1. "In February 1976, the book was removed from high school library shelves by the board of education of the Island Trees Union Free School District in New York." -wikipedia.
  • Agent Smith
    Our education must be complete whole.

    It became necessary to publicly discuss sex after the STI disaster, the HIV/AIDS pandemic that swept across the globe. I found it rather odd that in a country like USA - at the leading edge of the sexual revolution - still had to tiptoe around the issue of sex education.
  • BC
    \ I collected a few sex hygiene manuals published around 1900. They weren't so much for young men and boys as they were for their parents. pastors, and advisors. There was very little lewd lasciviousness and a lot of preachy verbiage.

    Did anyone benefit from the cleanliness lectures? Precautions again self abuse (masturbation)? Did anyone come away any wiser about their burning desires? Most likely not. These books were, after all, written for the comfort of the advice giving past-their-prime elders, not for the needs of the actual subjects of the books.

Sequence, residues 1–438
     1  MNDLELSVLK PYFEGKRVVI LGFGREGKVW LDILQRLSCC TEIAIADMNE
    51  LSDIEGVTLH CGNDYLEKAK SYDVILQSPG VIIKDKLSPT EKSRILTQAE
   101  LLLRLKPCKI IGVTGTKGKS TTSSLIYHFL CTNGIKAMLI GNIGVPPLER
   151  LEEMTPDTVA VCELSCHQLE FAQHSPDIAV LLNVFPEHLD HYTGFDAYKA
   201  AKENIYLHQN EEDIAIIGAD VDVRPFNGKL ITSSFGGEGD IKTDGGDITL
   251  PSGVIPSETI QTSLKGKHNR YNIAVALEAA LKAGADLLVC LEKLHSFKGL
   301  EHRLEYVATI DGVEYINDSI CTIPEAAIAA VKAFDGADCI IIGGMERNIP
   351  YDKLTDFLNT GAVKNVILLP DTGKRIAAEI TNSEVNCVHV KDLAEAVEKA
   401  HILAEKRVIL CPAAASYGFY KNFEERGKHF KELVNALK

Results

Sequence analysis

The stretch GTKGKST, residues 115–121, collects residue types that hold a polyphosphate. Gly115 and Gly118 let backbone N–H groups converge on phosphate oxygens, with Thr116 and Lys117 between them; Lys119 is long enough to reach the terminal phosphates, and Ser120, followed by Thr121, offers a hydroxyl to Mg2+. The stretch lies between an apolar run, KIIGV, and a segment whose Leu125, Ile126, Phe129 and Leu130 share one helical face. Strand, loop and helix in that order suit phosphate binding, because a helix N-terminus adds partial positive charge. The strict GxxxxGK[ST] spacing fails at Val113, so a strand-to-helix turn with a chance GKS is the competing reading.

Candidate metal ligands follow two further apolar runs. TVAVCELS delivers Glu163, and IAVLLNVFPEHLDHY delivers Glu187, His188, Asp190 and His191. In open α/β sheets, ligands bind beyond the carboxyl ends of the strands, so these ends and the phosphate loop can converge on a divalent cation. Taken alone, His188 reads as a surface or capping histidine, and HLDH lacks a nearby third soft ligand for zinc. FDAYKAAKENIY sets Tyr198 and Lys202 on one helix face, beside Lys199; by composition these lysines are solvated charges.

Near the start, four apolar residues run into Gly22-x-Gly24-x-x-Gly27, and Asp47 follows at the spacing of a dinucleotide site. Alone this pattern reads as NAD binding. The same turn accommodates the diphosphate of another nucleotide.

The advice boiled down to exercise, fresh air, "cleanliness", avoiding any kind of temptation or unwholesome stimulation (like rubbing cloth), and getting married ASAP. What were girls advised to do? Practice chastity protection by gripping thin coins between their knees, I suppose. They developed powerful abductor muscles.

    In our efforts to do effective HIV/AIDS prevention work in the gay population, we put together sexually explicit messages and handed them out in the baths, bars, adult bookstores, and so on. Quite reliably, some kid would find one of these messages on the sidewalk (or in whatever back alley they were poking around in) and bring home the prize. Mother then would call the Health Department to complain about the fascinating obscene, perverse, and extremely well-designed objects their children had found so interesting.

    They would call us and warn us to be more careful. Well sure, we are careful, we'd plead. The guys in the bars, though, who take this filth from our hands, tend to be reckless, sex-positive militants. What are we to do?
  • Wayfarer
    Morris' book was ostensibly scientific - he had been (just looked it up again) keeper of primates at a zoo. But he made a lot out of the sexuality of h. sapiens - basically that was the main subject, or at least the only bit that made an impression. :yikes:

    I recall barely anything about 'sex education' at school but I vividly recall my encounters with erotic magazines and literature.